Students participate in first responder training

RRHS students participate in first responder training
Posted on 10/18/2021
First responders escort two students during first responder training

“it’s the students, they are incredibly vital to the success of these trainings.” bruce whitney, icsave

By Shannon Enciso

Rio Rico Medical and Fire District (RRMFD), Santa Cruz County Office of Emergency Management (SCCOEM) in conjunction with Integrated Community Solutions to Active Violence Events ( conducted Public Safety Integration training with the help of Rio Rico High School students.

ICSAVE volunteer Bruce Whitney, who, with more than 30 years experience in military and public safety, coordinated the training. Whitney is one of many professional volunteers who teach and train emergency preparedness across Arizona. After a recent shooting involving the AMR ambulance crew, Tucson Fire Department and Tucson Police Department, local agencies reached out to ICSAVE for training.

Local responders from around Santa Cruz County, representing fire, law enforcement, and customs and border protection participated in the two day training. Day one of training included classroom instruction, while second day activities provided responders an opportunity to put learned skills into action. Scenarios included bomb and mass shooting situations. (suicide bombing recreation shown left)

According to Whitney, the activities are designed to train professionals to work together in the event of an emergency, “to get into areas, such as schools quickly to both stop the killing and actually stop the dying. In order to do that, firefighter unit professionals will have a security escort, law enforcement will provide a layer of protection while they are rendering aid to patients.”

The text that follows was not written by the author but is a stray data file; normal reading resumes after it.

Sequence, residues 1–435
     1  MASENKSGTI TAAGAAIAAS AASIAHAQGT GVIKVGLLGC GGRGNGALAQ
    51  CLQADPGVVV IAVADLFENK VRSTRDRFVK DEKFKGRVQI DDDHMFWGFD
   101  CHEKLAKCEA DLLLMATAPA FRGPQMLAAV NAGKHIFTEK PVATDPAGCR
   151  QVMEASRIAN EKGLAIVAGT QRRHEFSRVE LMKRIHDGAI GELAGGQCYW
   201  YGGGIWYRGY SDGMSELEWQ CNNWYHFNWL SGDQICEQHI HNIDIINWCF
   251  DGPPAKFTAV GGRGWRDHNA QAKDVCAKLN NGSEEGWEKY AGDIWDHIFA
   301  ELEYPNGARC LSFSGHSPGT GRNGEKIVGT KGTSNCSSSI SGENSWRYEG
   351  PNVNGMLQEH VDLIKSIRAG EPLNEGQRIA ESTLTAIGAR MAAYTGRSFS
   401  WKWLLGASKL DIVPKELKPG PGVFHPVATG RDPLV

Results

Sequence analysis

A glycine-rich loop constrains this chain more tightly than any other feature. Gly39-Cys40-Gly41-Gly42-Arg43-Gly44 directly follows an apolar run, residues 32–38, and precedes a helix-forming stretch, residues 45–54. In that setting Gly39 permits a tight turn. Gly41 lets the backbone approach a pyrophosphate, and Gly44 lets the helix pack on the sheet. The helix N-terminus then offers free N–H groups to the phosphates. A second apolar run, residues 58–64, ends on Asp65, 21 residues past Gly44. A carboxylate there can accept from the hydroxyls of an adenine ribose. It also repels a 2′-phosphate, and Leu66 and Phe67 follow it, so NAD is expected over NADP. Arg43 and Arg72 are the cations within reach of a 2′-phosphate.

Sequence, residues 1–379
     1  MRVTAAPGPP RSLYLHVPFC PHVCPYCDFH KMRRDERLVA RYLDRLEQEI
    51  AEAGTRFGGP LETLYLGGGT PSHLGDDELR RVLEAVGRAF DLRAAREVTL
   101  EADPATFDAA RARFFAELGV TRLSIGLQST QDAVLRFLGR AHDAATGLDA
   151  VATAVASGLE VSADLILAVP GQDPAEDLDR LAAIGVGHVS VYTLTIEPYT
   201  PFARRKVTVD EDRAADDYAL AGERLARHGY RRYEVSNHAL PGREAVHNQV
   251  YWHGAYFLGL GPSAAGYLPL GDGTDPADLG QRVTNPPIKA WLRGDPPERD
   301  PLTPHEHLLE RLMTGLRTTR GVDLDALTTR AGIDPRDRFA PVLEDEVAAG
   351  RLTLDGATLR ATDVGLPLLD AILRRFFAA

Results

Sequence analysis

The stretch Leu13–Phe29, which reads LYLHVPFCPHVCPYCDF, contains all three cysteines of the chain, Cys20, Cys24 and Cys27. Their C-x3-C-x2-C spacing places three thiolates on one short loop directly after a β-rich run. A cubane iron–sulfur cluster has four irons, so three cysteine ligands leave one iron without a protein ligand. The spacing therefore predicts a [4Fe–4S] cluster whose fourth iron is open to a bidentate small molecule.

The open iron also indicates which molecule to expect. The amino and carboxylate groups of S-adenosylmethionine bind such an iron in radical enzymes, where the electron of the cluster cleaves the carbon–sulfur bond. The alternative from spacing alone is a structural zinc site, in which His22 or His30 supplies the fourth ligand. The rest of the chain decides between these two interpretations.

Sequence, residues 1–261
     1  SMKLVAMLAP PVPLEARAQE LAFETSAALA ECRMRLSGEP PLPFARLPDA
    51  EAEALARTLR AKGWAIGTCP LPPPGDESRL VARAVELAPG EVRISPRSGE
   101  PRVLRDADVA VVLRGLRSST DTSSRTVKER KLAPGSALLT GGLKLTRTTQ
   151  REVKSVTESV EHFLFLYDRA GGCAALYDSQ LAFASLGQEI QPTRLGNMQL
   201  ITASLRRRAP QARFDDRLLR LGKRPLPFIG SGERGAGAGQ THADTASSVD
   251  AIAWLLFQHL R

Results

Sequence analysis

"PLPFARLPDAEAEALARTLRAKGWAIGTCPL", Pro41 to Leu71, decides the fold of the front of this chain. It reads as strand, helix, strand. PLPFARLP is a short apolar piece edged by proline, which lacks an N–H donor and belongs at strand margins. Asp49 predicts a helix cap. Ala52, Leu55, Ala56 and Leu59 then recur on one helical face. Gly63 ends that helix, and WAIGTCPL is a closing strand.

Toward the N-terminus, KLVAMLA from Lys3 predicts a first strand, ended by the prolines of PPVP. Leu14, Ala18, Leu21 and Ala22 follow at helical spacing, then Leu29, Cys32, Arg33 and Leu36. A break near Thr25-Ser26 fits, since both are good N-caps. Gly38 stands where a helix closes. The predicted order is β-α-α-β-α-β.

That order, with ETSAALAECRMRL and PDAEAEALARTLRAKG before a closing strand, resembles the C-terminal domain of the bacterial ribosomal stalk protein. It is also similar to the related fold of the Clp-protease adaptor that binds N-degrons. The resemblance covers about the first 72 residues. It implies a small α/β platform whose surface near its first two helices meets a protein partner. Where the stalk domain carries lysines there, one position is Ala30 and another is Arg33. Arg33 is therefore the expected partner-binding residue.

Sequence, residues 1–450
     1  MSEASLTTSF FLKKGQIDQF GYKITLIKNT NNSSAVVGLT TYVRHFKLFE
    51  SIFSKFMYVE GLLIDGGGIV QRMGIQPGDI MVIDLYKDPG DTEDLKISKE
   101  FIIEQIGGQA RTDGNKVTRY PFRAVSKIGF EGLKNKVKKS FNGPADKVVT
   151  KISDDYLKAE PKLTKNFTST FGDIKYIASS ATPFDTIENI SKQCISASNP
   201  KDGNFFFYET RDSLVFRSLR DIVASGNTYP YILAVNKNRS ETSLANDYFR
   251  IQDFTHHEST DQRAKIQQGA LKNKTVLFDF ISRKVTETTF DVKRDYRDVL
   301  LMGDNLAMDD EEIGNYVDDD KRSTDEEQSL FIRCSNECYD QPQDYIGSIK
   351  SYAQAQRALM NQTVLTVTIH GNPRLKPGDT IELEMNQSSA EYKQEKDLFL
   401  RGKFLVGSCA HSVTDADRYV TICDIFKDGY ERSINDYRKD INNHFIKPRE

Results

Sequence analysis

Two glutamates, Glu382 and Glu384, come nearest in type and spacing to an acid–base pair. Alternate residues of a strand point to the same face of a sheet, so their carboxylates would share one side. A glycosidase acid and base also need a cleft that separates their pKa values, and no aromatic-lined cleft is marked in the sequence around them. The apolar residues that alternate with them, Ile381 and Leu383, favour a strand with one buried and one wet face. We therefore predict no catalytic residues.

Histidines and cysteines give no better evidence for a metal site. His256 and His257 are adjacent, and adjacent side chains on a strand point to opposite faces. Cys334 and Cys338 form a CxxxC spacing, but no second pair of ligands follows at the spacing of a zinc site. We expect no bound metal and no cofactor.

When tailoring the training specifically to Santa Cruz County, Whitney said responders requested school emergencies be the focus for the training which is why Esplendor Resort was chosen. The building and courtyard has very similar characteristics of a school campus.

Theatre, JROTC and law enforcement students were invited to participate in training as wounded and non wounded victims and theatre students applied moulage (pictured right) . At the sound of Hollywood gunfire, students would spread out in teams and hide in different rooms waiting for responders to find them. Hollywood ammunition are typically used during the training, because they are louder and more intense sounding.

Once found, medical responders would assess and treat wounds utilizing integrated point-of-wound care skills. Law enforcement was there to provide a clear and safe path for medical responders to attend the wounds and move victims.

Students were instructed to role play and react as they would in the case of a real emergency. Students were instructed to role play and react as they would in the case of a real emergency. “This provided a realistic aspect, students are incredibly vital to the success of these trainings,'' said Whitney. Students could be heard crying, moaning, some were unable to walk because of their assigned wound. Darlene Lara-Cordova (Law and Public Safety student, pictured with medical professionals above), pretended to struggle against medical attention in an attempt to conceal a weapon. Darlene is a Law and Public Safety student who has plans of going into law enforcement. “I would like to enlist in the military and do school at the same time and study criminal justice. I’m looking forward to becoming a Border patrol agent and getting experience and would love to transfer to the FBI after that and become a Special agent.” When asked how the exercise helped her future plans, she said,”this has helped me to understand a little more about what law enforcement agencies are actually about.”

(For a full photo gallery, click here)


Rio Rico High School students participated in Santa Cruz County Public Safety Integration Training. The video below contains clips from the training. The safety and well being of students is always our top priority. All gunshots fired during this training were blanks.